Yeah, that's interesting, because, I can identify with other women, but I think it's important to know that African American women have a totally different experience. We don't look at this big picture of women. We know that white women are able to advance in ways that we can't. I also am very sensitive to being a woman and wanting to do things that we are prevented from doing in this society, simply because I am a woman – but I'm prevented even further, because I'm a Black woman. I try to identify with women, and a lot of my allies are white women, but when I look back and see how this society treats white women differently, you know, they've been put on a pedestal, and Black women weren't. Some of the things that white women won't do, Black women were very happy to do. Like when the feminists, when the movement was started, white women were insulted to be offered a secretarial position, for instance. Black women always want to be, you know, in those positions that white women did not want to. And so during the feminist movement, we had some discussions about these issues, and I think, you know, we worked it out. So I identify with being a woman, and I know all the ways that women are oppressed in this country. It's a two-fold thing: you’re oppressed because you're a woman and you're oppressed because you are Black. We have to deal with all of those issues, which maybe white women don't have to.
Just lastly, your book focuses on your experiences and the situation in Albany. Are there certain aspects to Albany that distinguish it from other areas, or do you think Albany is pretty good example for what's happening across the U.S.?
Well, I think both. As I mentioned earlier, Albany has always been politically controlled by one party. That means that a lot of things don't happen. You don't get fresh ideas, you don't get politicians who can really compete with each other. And I think we're missing getting all of the good people involved in that whole political process that we would, if we were a more open community. I would love to see, you know, a campaign where you had three good candidates, and they were interested in everybody's issues, rather than having it being a foregone conclusion that certain people in certain parties were going to win. You know, we don't benefit from that. That's the difference. But I think Albany is experiencing some of the same problems that we experienced across the country: lack of good healthcare for people, particularly people of color, and even women. I mean, they've had to struggle for best health care, because everything has been geared towards white men in this country. They're experiencing violence. I think everybody's sort of experiencing that. Of course, the pandemic doesn't discriminate, so that's there. But I think, across the country, we want to see people who have been oppressed much more involved in the activities of their communities, and having much more of a voice, and being heard by those with power. Incarceration is a major issue across the country. And I think we've got to change our whole approach to dealing with those kinds of problems. Those are national problems and those are ones that we're dealing with on a local level. But most change comes on a local level.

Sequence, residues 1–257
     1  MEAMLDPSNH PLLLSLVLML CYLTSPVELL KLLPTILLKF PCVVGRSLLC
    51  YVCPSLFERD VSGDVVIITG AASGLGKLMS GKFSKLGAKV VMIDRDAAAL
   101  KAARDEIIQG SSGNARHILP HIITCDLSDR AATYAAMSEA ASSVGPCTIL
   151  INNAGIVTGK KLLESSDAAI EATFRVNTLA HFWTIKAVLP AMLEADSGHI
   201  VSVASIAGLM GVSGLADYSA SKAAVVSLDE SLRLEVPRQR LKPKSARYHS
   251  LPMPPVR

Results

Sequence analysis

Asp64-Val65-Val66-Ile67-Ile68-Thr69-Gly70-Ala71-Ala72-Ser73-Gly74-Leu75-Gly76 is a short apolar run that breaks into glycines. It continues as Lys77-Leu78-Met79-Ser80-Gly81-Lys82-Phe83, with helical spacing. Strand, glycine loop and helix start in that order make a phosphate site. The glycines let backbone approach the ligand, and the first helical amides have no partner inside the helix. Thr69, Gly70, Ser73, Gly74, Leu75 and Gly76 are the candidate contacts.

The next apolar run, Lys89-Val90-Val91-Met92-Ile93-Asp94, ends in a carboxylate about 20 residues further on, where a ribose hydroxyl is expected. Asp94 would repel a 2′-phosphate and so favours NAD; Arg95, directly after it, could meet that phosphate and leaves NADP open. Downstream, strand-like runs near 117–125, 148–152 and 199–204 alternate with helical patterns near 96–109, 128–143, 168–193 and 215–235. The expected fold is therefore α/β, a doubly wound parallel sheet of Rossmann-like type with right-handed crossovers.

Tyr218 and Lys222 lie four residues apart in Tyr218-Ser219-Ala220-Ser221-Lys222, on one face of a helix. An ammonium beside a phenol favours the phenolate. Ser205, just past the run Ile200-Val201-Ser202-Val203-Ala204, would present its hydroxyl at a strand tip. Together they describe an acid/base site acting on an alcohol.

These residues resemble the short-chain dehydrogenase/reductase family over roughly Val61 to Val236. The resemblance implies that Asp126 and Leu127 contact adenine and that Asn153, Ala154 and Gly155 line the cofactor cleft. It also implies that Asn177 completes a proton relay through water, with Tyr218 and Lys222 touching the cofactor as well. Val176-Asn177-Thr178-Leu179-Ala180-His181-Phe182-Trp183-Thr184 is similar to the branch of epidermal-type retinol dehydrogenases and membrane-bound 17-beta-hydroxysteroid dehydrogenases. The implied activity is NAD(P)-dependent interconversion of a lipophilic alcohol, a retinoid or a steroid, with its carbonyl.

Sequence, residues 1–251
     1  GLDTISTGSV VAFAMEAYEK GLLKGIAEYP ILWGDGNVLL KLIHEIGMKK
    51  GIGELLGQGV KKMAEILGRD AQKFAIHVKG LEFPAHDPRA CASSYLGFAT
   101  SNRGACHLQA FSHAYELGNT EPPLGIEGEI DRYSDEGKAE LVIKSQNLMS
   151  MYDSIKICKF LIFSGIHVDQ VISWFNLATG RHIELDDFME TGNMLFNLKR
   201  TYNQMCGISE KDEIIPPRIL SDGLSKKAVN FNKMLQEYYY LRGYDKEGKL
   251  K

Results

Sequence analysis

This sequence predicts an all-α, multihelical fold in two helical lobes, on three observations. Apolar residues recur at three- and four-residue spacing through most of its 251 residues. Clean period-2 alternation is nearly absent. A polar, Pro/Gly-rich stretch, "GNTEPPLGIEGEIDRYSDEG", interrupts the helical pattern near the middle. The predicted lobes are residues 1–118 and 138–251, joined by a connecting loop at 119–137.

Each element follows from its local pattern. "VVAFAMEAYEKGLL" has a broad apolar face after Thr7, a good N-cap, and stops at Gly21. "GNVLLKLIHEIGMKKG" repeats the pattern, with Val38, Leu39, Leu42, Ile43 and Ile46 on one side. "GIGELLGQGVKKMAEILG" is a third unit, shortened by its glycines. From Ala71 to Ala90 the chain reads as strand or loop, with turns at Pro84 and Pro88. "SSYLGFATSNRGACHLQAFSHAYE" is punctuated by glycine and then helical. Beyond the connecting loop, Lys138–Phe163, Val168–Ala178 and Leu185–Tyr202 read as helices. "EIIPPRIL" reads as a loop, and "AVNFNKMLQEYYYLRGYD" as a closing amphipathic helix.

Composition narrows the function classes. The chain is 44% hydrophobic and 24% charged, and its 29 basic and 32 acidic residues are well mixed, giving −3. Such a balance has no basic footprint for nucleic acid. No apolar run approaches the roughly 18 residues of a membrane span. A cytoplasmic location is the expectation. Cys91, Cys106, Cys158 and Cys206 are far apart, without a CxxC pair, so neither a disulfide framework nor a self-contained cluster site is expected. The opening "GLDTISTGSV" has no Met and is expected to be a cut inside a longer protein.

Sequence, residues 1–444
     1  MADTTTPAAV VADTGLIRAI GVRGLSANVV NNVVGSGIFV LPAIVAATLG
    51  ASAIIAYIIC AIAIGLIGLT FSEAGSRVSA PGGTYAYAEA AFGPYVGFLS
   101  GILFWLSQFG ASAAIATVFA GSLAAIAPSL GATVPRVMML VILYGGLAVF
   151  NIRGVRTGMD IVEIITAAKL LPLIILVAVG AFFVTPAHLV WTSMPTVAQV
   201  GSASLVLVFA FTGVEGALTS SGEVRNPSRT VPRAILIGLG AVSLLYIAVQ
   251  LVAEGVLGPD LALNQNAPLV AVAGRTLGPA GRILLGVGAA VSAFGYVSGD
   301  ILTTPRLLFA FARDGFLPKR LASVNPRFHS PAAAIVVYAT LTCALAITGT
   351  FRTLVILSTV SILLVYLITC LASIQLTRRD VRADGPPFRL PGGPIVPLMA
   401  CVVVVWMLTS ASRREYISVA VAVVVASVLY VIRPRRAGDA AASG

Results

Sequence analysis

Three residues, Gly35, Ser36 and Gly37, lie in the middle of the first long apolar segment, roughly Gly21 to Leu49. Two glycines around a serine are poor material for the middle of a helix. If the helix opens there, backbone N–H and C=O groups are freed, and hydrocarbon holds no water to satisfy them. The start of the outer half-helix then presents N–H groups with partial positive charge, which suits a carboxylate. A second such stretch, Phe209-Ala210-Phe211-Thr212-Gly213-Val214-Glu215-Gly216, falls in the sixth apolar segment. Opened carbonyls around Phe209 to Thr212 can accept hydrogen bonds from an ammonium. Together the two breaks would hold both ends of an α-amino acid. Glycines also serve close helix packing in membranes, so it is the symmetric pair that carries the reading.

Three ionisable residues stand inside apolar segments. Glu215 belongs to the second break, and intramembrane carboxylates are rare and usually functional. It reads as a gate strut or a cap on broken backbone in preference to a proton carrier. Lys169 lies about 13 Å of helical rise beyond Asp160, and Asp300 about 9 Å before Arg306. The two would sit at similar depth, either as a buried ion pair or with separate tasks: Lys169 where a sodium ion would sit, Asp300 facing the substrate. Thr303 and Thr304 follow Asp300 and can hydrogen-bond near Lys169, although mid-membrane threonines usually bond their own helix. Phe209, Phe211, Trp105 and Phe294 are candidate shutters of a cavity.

Well, thank you so much for taking the time to speak with me. That was all the questions that I had for you off the top my head, but is there anything that I'm missing that you'd like our listeners to know? What do you hope that people most take away from your book?
I hope that people will understand how important it is to understand the history. We sort of separate Black history from American history, and one of the reasons why I wrote the book, I wanted people to see the history that we've experienced and how it's connected to the general history of this country. And that we need to work together to make the kinds of changes that are necessary. So I'm hoping that young people will be involved in all of this. You know, we've done the work over the years, and now we see a new population emerging that has to take on this horrible task – but I want them to be as equipped to do that as possible. So my focus in the book is on young people. How do we educate young people? How do we get them to understand the real nature of the problem, so that they can carry it forward? 1619, that’s a long time, and I think we've got to bring about that change that we want to get rid of the fear that so many people have. And I'm hoping that when they read the book, it will also spark some examination. I only just touch the surface, but I'm hoping that other people will take it up and say, “Ah, yes, we have to understand how to deal with this problem that we had, that we didn't do back then.” So I'm excited and hopeful that young people will get that message: that they have to carry forward with the struggle for social justice, and they can do it.
Dr. Alice Green is the author of We Who Believe in Freedom: Activism and the Struggle for Social Justice, out now on King Jesus Press, LLC. She’s also the founder and director of the Center for Law and Justice in Albany, New York. You can learn more about the Center and its work at its website, cflj.org.
Thanks for tuning in to this week’s 51%. 51% is a national production of WAMC Northeast Public Radio. It’s produced by me, Jesse King. Our executive producer is Dr. Alan Chartock, and our theme is “Lolita” by the Albany-based artist Girl Blue. A big thanks, again, to Dr. Alice Green for taking the time to speak with me. Next week, we celebrate the 200th birthday of Harriet Tubman, brush up on our history, and recognize the power of Black joy. Hope to see you there. Until then, I’m Jesse King for 51%.